WASHINGTON Washington's most ambitious effort in years to come to grips with its mounting debt is set to end with a whimper on Monday as negotiators plan to announce they have failed to reach a deal.
The Republican and Democratic leaders of a 12-member congressional "super committee" planned to declare defeat after three months of talks failed to bridge deep divides over taxes and spending.
After a year of bruising budget battles, it is another sign that U.S. lawmakers are too entrenched in their ideological ruts to compromise on the tax increases and benefit cuts that budget experts say are needed to set the country's finances on a stable path.
The joint statement, to be released on Monday, will cement notions of a dysfunctional Washington among voters and investors already disenchanted with the brinkmanship that brought the country to the edge of a first-ever debt default in August.
Republican and Democratic lawmakers will be eager to swiftly shift the blame as they gear up for the 2012 presidential and congressional elections.
There was no immediate comment from Republican and Democratic leaders or the White House. The committee had faced a Wednesday deadline to strike a deal.
The committee's washout will spur another round of drama as Democrats try to extend short-term economic stimulus measures that they had hoped to roll in to any super committee deal, and Republicans scramble to shield the military from $600 billion in automatic spending cuts triggered in the absence of a deal, starting in 2013.
Asian stocks and U.S. stock futures fell as news of the failure weighed on markets. Market expectations for a deal were low, but failure could remind investors of the risks posed by gridlock in Washington.
"We do believe the failure of the super committee to reach an agreement does raise the risk that the payroll tax cut and unemployment benefits will not be extended into 2012," said Michael Gapen, senior U.S. economist with Barclays Capital.
Investors have viewed the United States as a relative safe haven from the debt crisis in the euro zone, and credit-rating agencies have said a super committee failure will not change their assessments of U.S. debt.
The White House had been bracing for days for the committee's failure and aides believe President Barack Obama can weather it without major political fallout and may even be able to score points against the Republicans as he seeks re-election next November.
Aides believe Obama will be able to seize the chance to further paint Republicans as obstructionist, a strategy they hope will be more potent because of polls showing most voters back his proposal to increase taxes on wealthier Americans.
Obama can now be expected to lament the wasted opportunity while urging lawmakers from both parties to try to work out a deal in coming months before the automatic budget cuts triggered by the committee's failure take effect at the start of 2013.
Congressional leaders set up the super committee during a bitter budget fight last summer that hammered consumer confidence and prompted a first-ever downgrade of the United States' AAA credit rating by Standard & Poor's.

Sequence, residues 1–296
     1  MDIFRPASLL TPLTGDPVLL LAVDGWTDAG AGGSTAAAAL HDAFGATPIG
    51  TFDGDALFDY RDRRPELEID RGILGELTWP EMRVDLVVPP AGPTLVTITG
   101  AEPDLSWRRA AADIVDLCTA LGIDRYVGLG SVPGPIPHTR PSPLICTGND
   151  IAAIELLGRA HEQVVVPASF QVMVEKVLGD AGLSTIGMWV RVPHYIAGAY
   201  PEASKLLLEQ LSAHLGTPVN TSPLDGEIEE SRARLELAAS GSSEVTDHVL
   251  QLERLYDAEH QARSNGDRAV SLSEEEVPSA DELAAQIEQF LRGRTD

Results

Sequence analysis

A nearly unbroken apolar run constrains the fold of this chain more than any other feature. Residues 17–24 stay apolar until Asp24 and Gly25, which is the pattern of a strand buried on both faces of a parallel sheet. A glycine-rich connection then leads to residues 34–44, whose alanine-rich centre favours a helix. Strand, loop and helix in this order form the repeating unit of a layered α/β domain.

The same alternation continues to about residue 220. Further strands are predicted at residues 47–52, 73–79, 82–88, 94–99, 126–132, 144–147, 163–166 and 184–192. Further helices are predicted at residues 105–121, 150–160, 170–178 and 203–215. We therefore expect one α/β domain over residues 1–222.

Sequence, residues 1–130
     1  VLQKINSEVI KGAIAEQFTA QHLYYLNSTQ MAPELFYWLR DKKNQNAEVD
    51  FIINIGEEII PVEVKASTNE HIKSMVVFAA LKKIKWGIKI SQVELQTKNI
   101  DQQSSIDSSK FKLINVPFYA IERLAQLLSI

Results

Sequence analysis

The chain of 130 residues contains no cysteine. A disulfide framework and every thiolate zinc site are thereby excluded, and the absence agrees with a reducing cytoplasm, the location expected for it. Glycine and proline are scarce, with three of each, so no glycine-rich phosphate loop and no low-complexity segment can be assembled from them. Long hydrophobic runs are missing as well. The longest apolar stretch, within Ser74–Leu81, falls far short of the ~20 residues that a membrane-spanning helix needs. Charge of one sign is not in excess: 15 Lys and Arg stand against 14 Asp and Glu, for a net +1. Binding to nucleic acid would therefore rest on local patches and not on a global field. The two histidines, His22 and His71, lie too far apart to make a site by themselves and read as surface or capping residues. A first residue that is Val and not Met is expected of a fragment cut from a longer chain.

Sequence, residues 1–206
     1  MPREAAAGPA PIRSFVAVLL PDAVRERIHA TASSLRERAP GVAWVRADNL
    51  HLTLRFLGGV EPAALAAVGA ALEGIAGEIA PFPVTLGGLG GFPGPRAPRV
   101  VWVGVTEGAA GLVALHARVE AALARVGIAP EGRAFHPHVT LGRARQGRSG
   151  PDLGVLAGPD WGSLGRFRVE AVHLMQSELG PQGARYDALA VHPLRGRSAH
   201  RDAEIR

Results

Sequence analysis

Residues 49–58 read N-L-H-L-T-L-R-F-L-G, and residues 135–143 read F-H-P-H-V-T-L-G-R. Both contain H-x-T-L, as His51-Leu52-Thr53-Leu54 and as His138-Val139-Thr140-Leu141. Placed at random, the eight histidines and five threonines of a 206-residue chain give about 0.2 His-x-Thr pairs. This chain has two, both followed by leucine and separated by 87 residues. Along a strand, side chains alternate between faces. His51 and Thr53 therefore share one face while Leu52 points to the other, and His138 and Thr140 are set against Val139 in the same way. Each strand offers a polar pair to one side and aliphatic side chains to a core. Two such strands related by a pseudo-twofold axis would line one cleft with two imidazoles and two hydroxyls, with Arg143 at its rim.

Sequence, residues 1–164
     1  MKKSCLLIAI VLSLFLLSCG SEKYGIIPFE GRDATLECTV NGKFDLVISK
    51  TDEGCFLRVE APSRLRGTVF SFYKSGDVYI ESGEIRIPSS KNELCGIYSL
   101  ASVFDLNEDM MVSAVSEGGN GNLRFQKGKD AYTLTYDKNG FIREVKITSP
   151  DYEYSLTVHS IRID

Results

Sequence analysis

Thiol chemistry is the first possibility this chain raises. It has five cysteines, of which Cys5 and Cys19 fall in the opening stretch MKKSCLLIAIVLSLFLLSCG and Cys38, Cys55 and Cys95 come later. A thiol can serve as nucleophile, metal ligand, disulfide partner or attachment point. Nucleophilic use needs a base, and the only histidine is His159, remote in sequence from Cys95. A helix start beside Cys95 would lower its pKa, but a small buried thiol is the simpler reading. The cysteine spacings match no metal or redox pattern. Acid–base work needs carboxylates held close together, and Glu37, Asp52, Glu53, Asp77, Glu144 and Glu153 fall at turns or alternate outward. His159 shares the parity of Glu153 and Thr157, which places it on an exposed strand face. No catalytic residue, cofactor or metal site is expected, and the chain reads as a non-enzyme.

AIMING FOR THE BIG DEAL
Blessed with extraordinary powers, the super committee was supposed to forge the sort of deficit-reducing deal that had eluded President Barack Obama and House Speaker John Boehner, the top Republican in Congress.
The panel was tasked with finding at least $1.2 trillion in budget savings over 10 years, enough to demonstrate that Washington could tame a debt load that last week hit $15 trillion -- equal to the size of the U.S. economy.
The threat of automatic, across-the-board cuts, falling equally on military and domestic programs, was supposed to ensure that a deal would be reached.
Committee members met for dinners and several even took bike rides together in an effort to build the trust that would enable them to make decisions that could anger powerful interest groups on the left and the right and industry groups ahead of the 2012 elections.
They had a clear blueprint for agreement. Other budget-cutting panels, including one set up by Obama, have concluded over the past 12 months that lawmakers need to wring out the loophole-laden tax code and rein in health benefits that are set to balloon over coming decades as the population ages.
In the end, Republicans were unwilling to give Democrats the tax increases they sought, and Democrats balked at the dramatic benefits overhaul that Republicans had offered. Democrats also believed they had an advantage as Republicans want to lock in low income tax rates for the wealthy before they expire at the end of 2012.
Lawmakers were doubtless mindful of the political fallout from other landmark agreements that led to the budget surpluses of the late 1990s. A 1990 deal that raised taxes and cut spending prompted a conservative rebellion within the Republican party that weakened then-President George H.W. Bush and contributed to his defeat two years later.
A similar 1993 deal, forged without Republican cooperation, led to a landmark defeat for congressional Democrats the following year that handed control of Congress to Republicans.
(Additional reporting by Richard Cowan, Matt Spetalnick, Patrick Temple-West and Margaret Chadbourn, editing by Ross Colvin and Doina Chiacu)
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